It takes a special kind of student to win a National Science Foundation Graduate Research Fellowship. Bennett Callaghan, who earned his B.A. in Forensic Psychology from John Jay in 2012, is one such individual.
Callaghan, now a doctoral student in psychology at the University of Illinois – Urbana-Champaign, won the NSF award to support his proposed research into the politics and psychology of social class. The fellowship will provide $30,000 per year for three years.
“John Jay prepped me in a lot of ways,” said the former Honors student and Justice Scholar. “John Jay got me interested in ‘justice’ as a general theme and as an interesting psychological and philosophical question. My classes taught me the particular skills I would need to do research — critical thinking, sound argumentation and good writing skills.”
Callaghan is a picture of evolving interests. Fresh out of Xaverian High School, he was taken by John Jay’s program in Forensic Psychology, “thinking along the lines of doing clinical work in legal settings or perhaps something akin to criminal profiling. At the time I hadn’t envisioned myself as an empirical researcher.”
But his focus did indeed change, and he became more attracted to the research side of psychology. He worked with former John Jay professor Ian Hansen, now at York College, on a study of the moral and political psychology behind people’s attitudes toward torture. He assisted Professors Evan Mandery, Amy Shlosberg and Valerie West on a project tracking exonerees after their release from prison (and earned co-authorship credit on two ensuing peer-reviewed articles). For his Honors thesis, he presented research into the relationship between compensating the wrongfully convicted and the likelihood of their committing crimes after release.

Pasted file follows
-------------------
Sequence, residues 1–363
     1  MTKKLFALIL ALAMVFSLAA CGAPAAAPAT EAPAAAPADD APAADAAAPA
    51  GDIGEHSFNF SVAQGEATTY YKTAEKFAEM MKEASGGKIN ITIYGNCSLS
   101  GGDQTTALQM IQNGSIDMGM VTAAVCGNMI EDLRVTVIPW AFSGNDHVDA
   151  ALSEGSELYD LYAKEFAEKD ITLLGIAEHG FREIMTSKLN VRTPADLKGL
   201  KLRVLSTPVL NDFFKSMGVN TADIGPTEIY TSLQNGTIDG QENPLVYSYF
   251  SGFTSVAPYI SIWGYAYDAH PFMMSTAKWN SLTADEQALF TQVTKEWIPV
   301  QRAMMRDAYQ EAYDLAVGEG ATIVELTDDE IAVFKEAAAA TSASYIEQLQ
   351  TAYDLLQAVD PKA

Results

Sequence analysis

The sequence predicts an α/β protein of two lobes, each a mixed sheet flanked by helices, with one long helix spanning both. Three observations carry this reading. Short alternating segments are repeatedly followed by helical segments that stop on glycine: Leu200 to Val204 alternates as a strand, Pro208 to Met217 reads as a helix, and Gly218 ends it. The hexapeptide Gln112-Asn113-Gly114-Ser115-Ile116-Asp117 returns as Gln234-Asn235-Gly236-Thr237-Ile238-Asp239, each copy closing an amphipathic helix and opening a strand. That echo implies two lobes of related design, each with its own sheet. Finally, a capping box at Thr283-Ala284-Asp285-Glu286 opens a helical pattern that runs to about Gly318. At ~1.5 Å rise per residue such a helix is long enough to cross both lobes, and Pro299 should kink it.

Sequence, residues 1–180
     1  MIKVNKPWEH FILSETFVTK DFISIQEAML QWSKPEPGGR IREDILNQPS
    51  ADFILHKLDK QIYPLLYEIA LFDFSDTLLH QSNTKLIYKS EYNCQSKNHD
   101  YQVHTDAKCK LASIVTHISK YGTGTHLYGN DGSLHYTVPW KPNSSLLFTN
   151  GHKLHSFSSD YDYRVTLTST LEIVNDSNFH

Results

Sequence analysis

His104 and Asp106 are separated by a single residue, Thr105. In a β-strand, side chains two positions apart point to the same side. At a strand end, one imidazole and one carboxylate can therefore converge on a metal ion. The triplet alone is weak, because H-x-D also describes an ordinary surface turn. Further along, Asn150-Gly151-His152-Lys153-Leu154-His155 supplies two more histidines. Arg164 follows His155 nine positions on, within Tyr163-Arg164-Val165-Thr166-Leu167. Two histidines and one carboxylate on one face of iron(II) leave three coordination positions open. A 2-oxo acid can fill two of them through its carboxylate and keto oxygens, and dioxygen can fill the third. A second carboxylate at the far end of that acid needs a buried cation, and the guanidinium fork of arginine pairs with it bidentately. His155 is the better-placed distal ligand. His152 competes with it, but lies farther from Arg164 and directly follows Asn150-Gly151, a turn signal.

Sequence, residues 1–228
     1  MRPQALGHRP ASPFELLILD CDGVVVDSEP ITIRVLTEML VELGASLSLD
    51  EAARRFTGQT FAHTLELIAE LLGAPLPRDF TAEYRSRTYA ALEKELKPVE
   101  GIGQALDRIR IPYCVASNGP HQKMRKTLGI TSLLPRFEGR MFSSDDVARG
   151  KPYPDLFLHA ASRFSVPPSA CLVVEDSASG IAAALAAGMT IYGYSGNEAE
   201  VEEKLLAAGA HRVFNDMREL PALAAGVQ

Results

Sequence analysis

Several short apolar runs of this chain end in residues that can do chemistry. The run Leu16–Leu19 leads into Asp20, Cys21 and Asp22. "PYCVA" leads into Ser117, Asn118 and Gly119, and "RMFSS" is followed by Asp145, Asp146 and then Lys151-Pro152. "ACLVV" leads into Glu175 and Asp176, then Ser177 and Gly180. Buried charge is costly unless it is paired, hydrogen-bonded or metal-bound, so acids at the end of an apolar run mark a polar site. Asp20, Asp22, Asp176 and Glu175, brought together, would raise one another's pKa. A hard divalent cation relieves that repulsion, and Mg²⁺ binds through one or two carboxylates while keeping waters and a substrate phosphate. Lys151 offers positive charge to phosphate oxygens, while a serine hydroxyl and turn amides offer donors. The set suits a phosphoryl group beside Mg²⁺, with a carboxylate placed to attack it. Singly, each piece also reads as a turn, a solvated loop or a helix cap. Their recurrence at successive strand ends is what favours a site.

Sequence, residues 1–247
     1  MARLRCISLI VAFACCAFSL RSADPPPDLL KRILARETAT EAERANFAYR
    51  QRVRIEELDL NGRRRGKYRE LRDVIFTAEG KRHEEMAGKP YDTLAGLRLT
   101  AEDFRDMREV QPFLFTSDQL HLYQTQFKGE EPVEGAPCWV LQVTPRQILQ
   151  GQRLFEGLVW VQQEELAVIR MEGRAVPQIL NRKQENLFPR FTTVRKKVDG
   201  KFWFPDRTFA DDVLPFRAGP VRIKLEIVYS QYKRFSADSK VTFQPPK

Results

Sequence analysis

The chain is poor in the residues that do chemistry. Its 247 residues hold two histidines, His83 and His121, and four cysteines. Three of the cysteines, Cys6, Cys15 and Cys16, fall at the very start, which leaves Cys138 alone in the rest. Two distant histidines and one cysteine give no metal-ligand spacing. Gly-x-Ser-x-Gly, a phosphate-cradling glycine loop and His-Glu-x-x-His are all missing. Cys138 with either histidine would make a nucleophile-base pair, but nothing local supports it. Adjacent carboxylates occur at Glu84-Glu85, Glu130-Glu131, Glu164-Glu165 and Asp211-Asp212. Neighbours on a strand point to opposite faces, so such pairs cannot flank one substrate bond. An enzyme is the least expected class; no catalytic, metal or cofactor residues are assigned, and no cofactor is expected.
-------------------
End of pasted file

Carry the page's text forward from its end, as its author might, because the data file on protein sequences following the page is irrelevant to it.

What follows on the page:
Disparate though his research interests may seem, Callaghan attributes the evolution in part to the influence of his mentors. “I always like to try to bring my own thing to the project,” he added. “Broadly, though, I like to think that all of them tie together, in that they all relate to people’s ideas about justice, as well as how institutions, such as the criminal justice system or the political system, function within society, and how people relate to those institutions on a psychological level.”
Callaghan said he chose UIUC for his doctoral study because of its reputation, “especially in producing researchers with very high standards for methodological and statistical rigor. At the same time, the program also encourages you to not lose sight of why what you’re doing is important.” Motivated by a desire to discover new things, Callaghan hopes to follow up his doctoral studies by becoming a university professor, but quickly adds, “I am also open to other opportunities as well, especially if they would involve conducting research.”
The NSF Graduate Research Fellowship program, now in its 62nd year, has helped support the graduate education and research interests of future Nobel Prize winners, Cabinet officials, and leaders in industry, commerce and academia.